St. Moritz is one of the most well-known tourist destinations in the world, having hosted the Winter Olympics twice and being a UNESCO World Heritage site. Its name is a registered brand and is linked with style, elegance, and class across the globe.
St. Moritz is one of Switzerland’s biggest ski resorts, providing direct access to 350km of downhill skiing on 88 different pistes supported by 24 ski lifts.
It’s no surprise that St. Moritz is so well-known: unique events like the Cresta Run, the Engadin cross-country ski marathon, and polo-on-snow have recently been joined by stunning kite-boarding over the valley floor’s acres of frozen lakes. The resort claims to be the origin of the “white winter vacation” in 1864 and possesses Switzerland’s oldest Tourism Board; it is also the only site in the nation to have held the Olympic Winter Games, in 1928 and 1948. To bring the region’s skiing up to date, the Alpine Ski World Championships were held at St. Moritz in 2003, as they had been in 1934, 1948, and 1974.
St Moritz’s three major ski regions are distinct yet large enough to stand on their own. If you’re willing to wait for the buses or drive between areas, you’ll enjoy the distinctly different slopes of each domain: the extensive, rolling, well-groomed Corviglia pistes; the drama of the high Corvatsch peak followed by a big vertical; and the massive descent across the glacier and the steepest slopes of the Diavolleza. There’s also heli-skiing, which completely characterizes the resort: you fly to the top of the hill and ski down the slope, bypassing the need to ride those tedious lifts with the rest of the hoi polloi…
First-time visitors to town are perplexed as to what all the buzz is about. The center of St. Moritz has no evident particular traits, being located on the lakefront and climbing up the high hills towards the ski domain. It’s neither too gorgeous nor overflowing with nightlife possibilities; the most notable characteristic is the quantity of luxury boutiques offering items you’ll never need on a ski vacation or anyplace else. The most of the activity, if you can call it that, occurs behind the closed doors of the big five-star hotels, leaving others in the cold. A more relaxing and welcoming spot to stay is in the resort’s spa sector, directly on the lake’s shore, where hotels like the Laudinella serve well to a mid-range clientele, albeit everything is offered under one huge roof, so you may hardly get out except to ski.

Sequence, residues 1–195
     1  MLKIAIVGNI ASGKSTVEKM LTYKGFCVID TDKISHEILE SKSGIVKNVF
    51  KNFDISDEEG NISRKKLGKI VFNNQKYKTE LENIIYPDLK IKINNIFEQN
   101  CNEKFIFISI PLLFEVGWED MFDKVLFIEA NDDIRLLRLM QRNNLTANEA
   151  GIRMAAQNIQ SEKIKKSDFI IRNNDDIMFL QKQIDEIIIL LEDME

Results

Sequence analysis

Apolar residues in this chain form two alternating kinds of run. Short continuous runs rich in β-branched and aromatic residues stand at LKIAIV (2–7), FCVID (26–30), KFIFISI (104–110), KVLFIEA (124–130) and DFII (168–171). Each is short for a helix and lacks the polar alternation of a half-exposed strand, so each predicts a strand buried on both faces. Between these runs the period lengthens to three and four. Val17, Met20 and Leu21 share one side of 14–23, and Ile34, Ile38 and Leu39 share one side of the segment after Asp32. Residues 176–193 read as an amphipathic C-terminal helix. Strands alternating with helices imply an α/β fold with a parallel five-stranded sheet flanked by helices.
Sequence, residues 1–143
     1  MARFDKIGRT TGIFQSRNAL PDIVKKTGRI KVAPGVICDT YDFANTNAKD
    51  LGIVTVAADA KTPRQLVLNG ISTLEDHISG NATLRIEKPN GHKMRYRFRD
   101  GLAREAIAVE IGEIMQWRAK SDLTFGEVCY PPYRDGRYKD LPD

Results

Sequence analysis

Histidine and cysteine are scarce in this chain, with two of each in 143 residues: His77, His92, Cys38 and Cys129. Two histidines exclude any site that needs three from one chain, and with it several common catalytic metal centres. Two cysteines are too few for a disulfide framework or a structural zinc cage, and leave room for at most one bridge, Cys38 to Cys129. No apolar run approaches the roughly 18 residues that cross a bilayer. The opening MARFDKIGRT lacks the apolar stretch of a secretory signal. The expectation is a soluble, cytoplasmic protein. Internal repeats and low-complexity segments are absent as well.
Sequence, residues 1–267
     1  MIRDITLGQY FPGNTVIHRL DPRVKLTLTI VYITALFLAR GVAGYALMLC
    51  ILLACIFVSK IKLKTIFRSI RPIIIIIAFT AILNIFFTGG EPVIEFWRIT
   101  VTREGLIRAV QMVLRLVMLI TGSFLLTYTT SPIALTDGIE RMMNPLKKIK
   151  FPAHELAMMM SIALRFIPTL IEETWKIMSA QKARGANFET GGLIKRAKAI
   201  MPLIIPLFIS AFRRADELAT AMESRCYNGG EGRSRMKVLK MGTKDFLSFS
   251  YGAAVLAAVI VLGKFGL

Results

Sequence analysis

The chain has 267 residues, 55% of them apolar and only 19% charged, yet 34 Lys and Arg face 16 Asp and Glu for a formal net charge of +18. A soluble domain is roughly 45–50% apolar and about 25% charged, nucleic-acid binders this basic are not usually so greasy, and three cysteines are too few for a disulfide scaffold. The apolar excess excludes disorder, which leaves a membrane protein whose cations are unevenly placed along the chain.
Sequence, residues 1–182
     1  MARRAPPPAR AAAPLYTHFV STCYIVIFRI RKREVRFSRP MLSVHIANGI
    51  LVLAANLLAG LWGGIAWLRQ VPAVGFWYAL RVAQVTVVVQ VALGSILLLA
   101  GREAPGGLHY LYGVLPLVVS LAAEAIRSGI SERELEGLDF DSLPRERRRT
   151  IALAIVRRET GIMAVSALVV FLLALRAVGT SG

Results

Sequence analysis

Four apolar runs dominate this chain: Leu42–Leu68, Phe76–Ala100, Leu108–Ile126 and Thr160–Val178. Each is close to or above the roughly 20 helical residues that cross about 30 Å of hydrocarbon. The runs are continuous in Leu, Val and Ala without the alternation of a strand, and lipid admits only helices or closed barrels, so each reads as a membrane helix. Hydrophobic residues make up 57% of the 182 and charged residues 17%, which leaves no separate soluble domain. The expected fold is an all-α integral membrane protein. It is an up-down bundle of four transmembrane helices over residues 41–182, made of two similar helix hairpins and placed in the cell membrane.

St. Moritz info card
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It has its own airport and world-renowned fast railways.
Today, St. Moritz is the most popular mountain vacation resort. The sun-kissed Alpine town on the Alps’ south-facing slope has an airport and serves as the terminal for both the Glacier Express and the Bernina Express — two names that stand for pure traditional rail travel. When UNESCO designated the Rhaetian Railway’s Albula and Bernina train lines as World Heritage Sites in 2008, St. Moritz became the world’s first site to have both the Olympic Games and the UNESCO designation.
Grand hotels and Michelin-starred restaurants
St. Moritz is well-known for its stately hotels and fine dining: The Badrutt’s Palace Hotel, located in a superb location overlooking Lake St. Moritz, is arguably the most renowned hotel in the Alps and without a doubt an emblem of St. Moritz’s league of five-star hotels. The Kulm Hotel St. Moritz may even lay claim to being the originator of winter vacations. For decades, several additional luxurious and first-class hotels have shaped the image of St. Moritz. Award-winning restaurants top it all off — the valley, at an elevation of 1,856 meters, has so many Gault Millau points that the term “haute cuisine” takes on new meaning.
Outstanding recreational and sports opportunities
The Via Serlas is St. Moritz’s equivalent of Rodeo Drive in Los Angeles. Just a little bit more condensed. High-end art galleries round out the town center’s upscale retail options. The Segantini Museum is globally renowned, and the St. Moritz Casino offers late-night entertainment. Sporty types will enjoy the Olympic Bob Run St. Moritz–Celerina and the Cresta Run, two iconic bobsleigh and skeleton organizations. Top activities on the frozen Lake St. Moritz include the White Turf horse races and the Snow Polo World Cup. They’ve long been the opulent social highlights of St. Moritz’s extraordinary schedule of events, which has included five Alpine World Ski Championships.